'An employee may have committed no offence but he may have developed traits which may make him unsuitable in Bank's service. It is not possible to cover all the circumstances in which an employee may become unsuitable. Unsound mind, permanent physical weaknesses, worry arising out of litigation and domestic complications, speculation or such activities as may keep him preoccupied during office hours resulting into a peculiar behavior on his part may make him unfit for continuation in the Bank's service. thereforee, such employees deserve sympathy and an attempt on the part of the management towards their improvement. But the part which the management can play is very limited in its scope and the time may come when a parting of the ways becomes inevitable and the employee may have to be discharged. Such cases shall be considered by the staff committee and the employee shall only be discharged when it is against the interests of the Bank to retain him.'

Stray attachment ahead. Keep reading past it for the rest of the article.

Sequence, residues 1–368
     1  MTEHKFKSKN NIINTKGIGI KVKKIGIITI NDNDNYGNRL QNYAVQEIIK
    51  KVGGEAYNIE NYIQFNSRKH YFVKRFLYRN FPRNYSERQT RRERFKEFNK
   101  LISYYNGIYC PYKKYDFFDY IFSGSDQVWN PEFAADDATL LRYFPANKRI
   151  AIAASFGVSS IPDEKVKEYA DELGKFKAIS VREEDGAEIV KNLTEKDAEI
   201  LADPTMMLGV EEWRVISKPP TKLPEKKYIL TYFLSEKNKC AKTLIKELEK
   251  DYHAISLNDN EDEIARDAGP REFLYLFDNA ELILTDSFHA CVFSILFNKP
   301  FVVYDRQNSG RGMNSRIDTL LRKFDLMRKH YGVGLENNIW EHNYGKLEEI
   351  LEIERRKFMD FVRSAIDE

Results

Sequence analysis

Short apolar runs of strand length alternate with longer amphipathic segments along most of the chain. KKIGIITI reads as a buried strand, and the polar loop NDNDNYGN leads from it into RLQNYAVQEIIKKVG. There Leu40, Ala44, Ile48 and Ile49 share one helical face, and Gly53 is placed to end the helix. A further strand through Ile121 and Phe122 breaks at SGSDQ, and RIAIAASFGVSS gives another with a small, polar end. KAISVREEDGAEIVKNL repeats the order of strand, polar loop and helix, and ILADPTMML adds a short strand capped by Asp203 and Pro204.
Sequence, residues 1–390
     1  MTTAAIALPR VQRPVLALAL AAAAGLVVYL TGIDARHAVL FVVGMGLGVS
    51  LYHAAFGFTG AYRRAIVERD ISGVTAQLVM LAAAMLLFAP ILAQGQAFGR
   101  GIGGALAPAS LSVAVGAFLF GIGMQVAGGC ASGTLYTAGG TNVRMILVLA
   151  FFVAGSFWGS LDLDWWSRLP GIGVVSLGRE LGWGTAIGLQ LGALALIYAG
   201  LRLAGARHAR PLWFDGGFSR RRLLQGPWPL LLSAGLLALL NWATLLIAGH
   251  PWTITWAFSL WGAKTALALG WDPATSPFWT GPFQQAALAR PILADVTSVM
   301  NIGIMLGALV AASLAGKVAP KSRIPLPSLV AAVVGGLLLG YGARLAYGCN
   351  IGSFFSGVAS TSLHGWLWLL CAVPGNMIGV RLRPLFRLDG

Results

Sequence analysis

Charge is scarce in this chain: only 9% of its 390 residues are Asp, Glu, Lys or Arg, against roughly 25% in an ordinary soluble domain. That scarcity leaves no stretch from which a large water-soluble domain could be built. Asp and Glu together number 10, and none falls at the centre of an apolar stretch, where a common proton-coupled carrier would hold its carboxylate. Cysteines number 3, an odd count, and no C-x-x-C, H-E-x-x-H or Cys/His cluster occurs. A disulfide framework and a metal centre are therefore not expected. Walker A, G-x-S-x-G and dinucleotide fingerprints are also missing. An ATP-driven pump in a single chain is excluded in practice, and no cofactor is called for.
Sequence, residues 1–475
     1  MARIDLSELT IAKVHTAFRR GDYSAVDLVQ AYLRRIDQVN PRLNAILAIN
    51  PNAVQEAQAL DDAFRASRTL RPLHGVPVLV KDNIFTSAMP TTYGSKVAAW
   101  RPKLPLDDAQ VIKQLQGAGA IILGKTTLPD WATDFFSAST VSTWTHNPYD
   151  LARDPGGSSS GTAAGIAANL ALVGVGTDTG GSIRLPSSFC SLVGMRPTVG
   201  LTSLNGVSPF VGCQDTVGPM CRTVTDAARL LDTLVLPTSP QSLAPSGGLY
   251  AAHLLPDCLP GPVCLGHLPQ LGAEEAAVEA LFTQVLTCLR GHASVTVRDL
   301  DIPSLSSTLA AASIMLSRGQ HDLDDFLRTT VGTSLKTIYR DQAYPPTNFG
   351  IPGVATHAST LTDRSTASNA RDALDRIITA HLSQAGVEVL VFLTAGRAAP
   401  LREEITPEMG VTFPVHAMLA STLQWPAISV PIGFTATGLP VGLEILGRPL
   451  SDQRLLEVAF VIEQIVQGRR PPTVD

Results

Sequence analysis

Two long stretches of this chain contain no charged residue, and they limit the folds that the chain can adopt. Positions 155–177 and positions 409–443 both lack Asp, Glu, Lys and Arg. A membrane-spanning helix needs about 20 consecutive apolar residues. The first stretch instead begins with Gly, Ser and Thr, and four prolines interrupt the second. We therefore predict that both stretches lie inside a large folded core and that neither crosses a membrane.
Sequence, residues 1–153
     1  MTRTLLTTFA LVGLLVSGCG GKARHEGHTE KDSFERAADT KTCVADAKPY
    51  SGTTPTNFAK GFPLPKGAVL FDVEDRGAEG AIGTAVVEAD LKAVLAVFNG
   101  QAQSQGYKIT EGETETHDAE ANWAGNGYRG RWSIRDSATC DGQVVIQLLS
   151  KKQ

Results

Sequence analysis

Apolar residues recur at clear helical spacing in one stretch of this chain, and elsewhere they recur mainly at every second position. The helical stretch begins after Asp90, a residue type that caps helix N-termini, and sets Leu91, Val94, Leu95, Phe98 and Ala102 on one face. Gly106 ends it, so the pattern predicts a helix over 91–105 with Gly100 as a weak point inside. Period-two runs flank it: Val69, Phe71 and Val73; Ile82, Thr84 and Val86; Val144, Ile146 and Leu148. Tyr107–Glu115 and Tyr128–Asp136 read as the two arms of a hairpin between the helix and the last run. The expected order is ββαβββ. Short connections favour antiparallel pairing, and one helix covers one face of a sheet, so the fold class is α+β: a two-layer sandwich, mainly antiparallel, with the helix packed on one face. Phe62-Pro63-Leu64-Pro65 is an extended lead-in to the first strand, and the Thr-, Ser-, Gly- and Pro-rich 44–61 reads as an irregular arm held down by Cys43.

5. Staff Circular No. 866, issued on 30th March, 1972, further requires inter alia, that where a permanent officer is to be discharged a show-cause notice should be served on the officer concerned.